Karel Carva
Charles University
Prague, Czech Republic

I agree with most of the paper’s comments about the peer-review process. However, nobody considers the perspective of the reviewers. It is also unreasonable to expect editors to have enough expertise in various aspects of the journal to be able to judge whether a particular reviewer is trying to sabotage a competitor’s work or not. As a reviewer, I strive to give constructive comments (and I think the majority of the reviewers are trying to do the same), however, sometime I found sloppy manuscripts requiring extensive editing or just simply data dumping without careful thought of presenting it in a coherent way. If we are discussing the peer-review process, we should also consider the other side of the story.

Baochuan Lin
US Naval Research Laboratory
Washington, D.C.

We are all too aware of the imperfect peer-review process, and clearly innovation is sometimes difficult. But a handful of papers that, in reality, eventually got their due is a very minor aspect of the problem—or perhaps in light of the number of citations they got, a non-problem. The number of high-ranking papers and corresponding careers that are boosted with research that is rightfully forgotten overnight clearly swamps the breakthroughs from the second tier.

Steven Weiss
Karl-Franzens University Graz
Graz, Austria

Wikipedia is part of a model of “corrections” and could conceptually be part of a publication process. Also, with the electronic media, references can be hyperlinked to almost any scientific article. Indeed, this idea can have dozens of “references” and layers of debatable comments. We also have search-and-select tools to find missing links, and to “tag” linkages or limitations in references. This makes many continued communications accessible, and corrections can be identified as “delayed references” and “active rebuttals” all linked together. A “cutoff” time would be helpful from a practical perspective. In addition, we need to add multimedia to the modes of expression and description.3

Dick Richardson
University of Texas
Austin, Texas

I understand the desire of journals to limit the number of citations.4 However, I find myself making hard choices when preparing my papers. Whose paper do I cite and whose do I leave out? Often there are appropriate and correct references that, alas, are not the top 2 or 3 references on the topic. Shouldn’t the reader of your paper know about these references, too? Could this lead to novel hypotheses or new interpretations of that particular field? Also, findings of one study may be persuasive, but aren’t we more convinced if 2, 5, or 10 studies confirm the findings of the first study? In other words, both quality and quantity matter.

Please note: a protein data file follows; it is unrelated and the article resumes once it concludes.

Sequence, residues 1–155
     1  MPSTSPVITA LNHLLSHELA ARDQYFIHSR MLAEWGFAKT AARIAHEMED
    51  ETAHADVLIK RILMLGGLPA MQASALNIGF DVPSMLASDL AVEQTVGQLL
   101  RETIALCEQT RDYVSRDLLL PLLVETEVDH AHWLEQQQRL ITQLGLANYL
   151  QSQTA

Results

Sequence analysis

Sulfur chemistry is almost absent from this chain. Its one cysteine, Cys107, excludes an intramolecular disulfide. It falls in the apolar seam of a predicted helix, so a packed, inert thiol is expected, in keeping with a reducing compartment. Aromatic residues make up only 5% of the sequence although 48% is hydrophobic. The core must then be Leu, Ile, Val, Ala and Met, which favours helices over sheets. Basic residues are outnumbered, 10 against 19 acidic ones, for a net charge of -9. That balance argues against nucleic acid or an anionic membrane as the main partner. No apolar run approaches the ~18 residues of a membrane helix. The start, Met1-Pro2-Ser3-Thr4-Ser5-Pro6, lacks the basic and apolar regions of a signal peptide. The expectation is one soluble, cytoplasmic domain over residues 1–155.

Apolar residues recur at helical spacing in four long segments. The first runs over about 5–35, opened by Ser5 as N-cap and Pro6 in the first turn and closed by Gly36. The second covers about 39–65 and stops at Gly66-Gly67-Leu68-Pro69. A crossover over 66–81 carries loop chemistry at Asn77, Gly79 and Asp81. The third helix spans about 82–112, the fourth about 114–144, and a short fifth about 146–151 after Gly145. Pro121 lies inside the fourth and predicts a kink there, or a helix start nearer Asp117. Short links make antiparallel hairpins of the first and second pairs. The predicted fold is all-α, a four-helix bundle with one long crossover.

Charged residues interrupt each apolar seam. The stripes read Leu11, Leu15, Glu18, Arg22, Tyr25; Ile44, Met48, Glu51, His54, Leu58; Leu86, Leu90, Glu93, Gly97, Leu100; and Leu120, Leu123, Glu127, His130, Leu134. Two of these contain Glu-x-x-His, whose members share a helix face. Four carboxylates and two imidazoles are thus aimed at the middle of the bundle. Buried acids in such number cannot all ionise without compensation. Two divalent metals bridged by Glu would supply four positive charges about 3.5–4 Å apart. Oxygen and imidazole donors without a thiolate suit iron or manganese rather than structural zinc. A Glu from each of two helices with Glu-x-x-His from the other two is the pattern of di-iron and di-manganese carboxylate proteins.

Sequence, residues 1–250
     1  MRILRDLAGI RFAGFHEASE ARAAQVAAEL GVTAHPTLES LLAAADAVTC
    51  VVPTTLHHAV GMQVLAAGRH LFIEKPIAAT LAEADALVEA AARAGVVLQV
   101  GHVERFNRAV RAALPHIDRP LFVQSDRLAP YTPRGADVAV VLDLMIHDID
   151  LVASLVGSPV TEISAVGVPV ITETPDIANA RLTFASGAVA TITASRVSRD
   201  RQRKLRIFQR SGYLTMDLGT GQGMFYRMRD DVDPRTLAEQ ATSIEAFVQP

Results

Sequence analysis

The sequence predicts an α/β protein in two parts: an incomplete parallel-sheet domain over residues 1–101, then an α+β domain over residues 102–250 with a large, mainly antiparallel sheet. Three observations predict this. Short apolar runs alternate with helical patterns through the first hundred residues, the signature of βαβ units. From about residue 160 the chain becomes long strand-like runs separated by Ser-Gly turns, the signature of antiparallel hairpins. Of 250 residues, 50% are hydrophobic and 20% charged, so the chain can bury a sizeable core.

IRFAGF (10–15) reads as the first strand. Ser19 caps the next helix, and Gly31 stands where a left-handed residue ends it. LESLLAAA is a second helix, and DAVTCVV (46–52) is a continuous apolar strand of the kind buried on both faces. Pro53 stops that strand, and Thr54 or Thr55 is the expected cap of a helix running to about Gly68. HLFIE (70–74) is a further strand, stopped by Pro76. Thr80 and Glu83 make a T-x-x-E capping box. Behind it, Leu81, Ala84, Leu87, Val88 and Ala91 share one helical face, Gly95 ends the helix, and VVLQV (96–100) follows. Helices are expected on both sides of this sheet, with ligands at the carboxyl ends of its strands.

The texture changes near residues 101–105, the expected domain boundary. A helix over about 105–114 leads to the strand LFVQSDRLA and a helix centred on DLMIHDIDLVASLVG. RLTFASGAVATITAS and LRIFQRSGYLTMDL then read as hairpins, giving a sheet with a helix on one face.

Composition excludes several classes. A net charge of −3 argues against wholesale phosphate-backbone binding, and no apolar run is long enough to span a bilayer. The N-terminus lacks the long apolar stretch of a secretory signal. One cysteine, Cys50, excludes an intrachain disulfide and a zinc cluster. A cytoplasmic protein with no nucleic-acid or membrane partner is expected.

When you look at the issue this way, you come to the conclusion that limiting citations is short-sighted, potentially snobbish, and perhaps counterproductive.

Nonetheless, I recognize that print space is at a premium. So here’s an alternative: publish a primary citation list in the print version, but in the online version have links to supplemental references that include the other papers relevant to the point being made. Journals already do this with tables and figures. Why not references?

Joshua Miller
University of California, Davis
Davis, Calif.

1. J. Akst, “I Hate your Paper,” The Scientist, 24(8):36-41, August 2010.
2. The Scientist Staff, “Breakthroughs from the Second Tier,” The Scientist, 24(8):30-35, August 2010.
3. S. Greene, “Peer Review and the Age of Aquarius,” The Scientist, 24(8):13, August 2010.
4. W.J. Pearce, “Citations: Too Many, or Not Enough?” The Scientist, 24(8):29, August 2010.

The original version of “I Hate Your Paper” in the August issue incorrectly stated thatwas among the approximately 30 journals in theseries. The journal is in fact an Elsevier product, which does not reveal the names of its reviewers. In the same issue, the article “Peer Review and the Age of Aquarius” misspelled Bjoern Brembs’s name.regrets these errors.